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The question of sexual abuse and Hollywood hung heavy over yesterday’s Academy Awards ceremony, especially with some key Oscar winners and their histories.
While the minds behind #TimesUp—a movement in solidarity with survivors of sexual abuse—decided not to protest the Oscars, the movement’s presence was strong in both speeches and in public critique.
Best Actress Winner Frances McDormand’s battlecry for inclusion riders—a contractual requirement that both the cast and crew be diverse—shines as a positive attempt to rectify the gender and racial inequality of Hollywood. Salma Hayek and fellow Harvey Weinstein accusers Ashley Judd and Annabella Scorria presented a video montage and stirring speech about equality and representation. The disgraced and accused were mostly out of sight: Harvey Weinstein, Kevin Spacey and James Franco were not present.
However, the Oscars have been widely taken to task for awarding Gary Oldman, accused of hitting his wife with a telephone, with the Best Actor award for portraying the highly controversial, war-mongering Winston Churchill in “The Darkest Hour”. No charges were filed and Oldman categorically denied the allegations that he “hit [Donya Fiorentino] in the face with the telephone receiver three or four times” when she reportedly was trying to call the police. Oldman is also notorious for his defense of Mel Gibson’s anti-Semitic remarks: “Mel Gibson is in a town that's run by Jews and he said the wrong thing because he's actually bitten the hand that I guess has fed him – and doesn't need to feed him anymore because he's got enough dough.”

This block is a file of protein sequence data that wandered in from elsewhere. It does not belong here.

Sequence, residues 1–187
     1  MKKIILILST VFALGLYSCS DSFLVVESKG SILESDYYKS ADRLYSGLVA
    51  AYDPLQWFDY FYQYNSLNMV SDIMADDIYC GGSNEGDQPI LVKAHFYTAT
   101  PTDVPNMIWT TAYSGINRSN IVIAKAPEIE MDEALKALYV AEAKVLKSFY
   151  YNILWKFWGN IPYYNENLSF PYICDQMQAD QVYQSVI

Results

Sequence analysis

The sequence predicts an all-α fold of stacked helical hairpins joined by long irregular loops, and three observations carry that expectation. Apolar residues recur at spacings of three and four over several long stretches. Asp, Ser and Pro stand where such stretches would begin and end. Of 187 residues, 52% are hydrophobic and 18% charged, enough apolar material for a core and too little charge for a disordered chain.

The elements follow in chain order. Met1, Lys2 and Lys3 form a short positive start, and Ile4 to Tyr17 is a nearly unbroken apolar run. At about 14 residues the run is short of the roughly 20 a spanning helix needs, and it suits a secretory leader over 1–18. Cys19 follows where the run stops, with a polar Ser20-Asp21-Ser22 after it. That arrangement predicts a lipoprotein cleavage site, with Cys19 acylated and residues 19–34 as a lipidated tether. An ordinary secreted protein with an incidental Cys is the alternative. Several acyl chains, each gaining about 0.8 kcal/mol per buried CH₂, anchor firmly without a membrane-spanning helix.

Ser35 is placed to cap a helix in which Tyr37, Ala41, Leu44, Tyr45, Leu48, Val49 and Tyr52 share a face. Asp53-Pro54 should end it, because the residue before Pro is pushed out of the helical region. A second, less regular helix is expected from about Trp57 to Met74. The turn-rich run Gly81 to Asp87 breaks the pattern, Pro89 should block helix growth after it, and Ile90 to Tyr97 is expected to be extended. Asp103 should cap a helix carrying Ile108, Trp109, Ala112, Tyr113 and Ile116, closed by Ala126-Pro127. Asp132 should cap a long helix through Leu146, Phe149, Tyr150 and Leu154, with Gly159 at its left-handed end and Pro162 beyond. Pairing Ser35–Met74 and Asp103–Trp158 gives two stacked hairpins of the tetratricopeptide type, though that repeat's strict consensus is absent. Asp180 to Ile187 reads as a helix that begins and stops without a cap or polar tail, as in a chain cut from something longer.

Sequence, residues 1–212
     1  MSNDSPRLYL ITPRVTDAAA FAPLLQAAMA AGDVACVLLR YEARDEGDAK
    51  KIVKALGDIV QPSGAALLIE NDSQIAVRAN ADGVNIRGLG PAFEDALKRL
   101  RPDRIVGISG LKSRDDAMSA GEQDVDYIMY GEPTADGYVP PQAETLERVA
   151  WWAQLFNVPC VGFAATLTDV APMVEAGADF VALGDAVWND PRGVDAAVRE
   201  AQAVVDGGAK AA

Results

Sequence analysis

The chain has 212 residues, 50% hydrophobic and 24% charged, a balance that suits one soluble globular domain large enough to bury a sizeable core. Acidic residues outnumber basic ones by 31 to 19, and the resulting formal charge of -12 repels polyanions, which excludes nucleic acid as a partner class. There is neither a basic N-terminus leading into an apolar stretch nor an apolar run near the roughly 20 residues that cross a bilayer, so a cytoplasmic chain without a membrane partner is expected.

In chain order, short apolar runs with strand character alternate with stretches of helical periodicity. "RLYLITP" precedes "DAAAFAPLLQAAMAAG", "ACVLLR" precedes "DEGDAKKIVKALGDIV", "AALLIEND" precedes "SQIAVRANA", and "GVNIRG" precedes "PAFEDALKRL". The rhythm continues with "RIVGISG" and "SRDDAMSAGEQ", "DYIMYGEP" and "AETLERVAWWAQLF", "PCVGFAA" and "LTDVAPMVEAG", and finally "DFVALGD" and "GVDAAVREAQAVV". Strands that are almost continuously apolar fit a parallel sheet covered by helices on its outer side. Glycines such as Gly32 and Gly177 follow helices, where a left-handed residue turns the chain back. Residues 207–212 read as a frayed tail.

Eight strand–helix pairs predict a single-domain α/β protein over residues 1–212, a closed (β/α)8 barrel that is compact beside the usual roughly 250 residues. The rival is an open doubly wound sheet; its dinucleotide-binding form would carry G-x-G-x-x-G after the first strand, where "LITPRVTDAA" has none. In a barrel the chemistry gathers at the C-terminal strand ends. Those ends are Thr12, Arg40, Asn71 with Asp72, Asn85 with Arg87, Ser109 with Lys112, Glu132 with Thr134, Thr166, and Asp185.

Kobe Bryant, an unlikely candidate for an Academy Award, went home with an Oscar for Best Animated Short. “Dear Basketball” was based on Bryant’s poem announcing his retirement. But a basketball superstar winning the Oscar is not what makes this moment noteworthy: Bryant was arrested in 2003 for sexual assault after a hotel employee accused him of rape. His accuser refused to testify, and so the case was dropped. Bryant claimed the encounter was consensual, and settled a civil lawsuit.
Giullermo Del Toro, whose comeback “The Shape of Water”received both critical acclaim and derision, won Best Director, while his film won Best Picture. But let’s not forget that Del Toro is one of many Hollywood celebrities who have publicly defended Roman Polanski. Polanski was convicted of drugging and raping a 13-year-old child. He fled the country years ago to avoid time for statutory rape. Del Toro and other Polanski supports have been criticized for wearing the #TimesUp pin.
Gender wins at the Oscars were few and far between--Rachel Morrison, the first woman cinematographer to ever be nominated for an Oscar, did not win. Neither did Greta Gerwig, the first woman to be nominated for Best Director for a debut film, and only the fifth woman nominated ever. For that matter, Lady Bird, the most highly reviewed movie on Rotten Tomatoes, did not win anything at all, even though it was nominated in five categories.
Ryan Seacrest, accused of sexual misconduct by his former stylist, interviewed celebrities on the red carpet for E!—but all Best Actress nominees completely skipped him. Taraji P. Henson did stop to talk to him, though many inferred shade from her comments. (Henson has denied this.) “They really shouldn’t send him [to the Oscars],” said Tarana Burke, founder of the #MeToo movement. “"We shouldn’t have to make those choices of, 'Do we or don’t we?'”
But women still have to make that individual-level choice—and if accused abusers’ careers continue to flourish after violence and public critique—one could say that Hollywood is not only still making room for them, but actively engaging and promoting them.
See the complete list of winners here.
(Photo: L-R Actors Sam Rockwell, Frances McDormand, Allison Janney, and Gary Oldman, pose with their Oscars during the 90th Annual Academy Awards on March 4, 2018. By FREDERIC J. BROWN/AFP/Getty Images)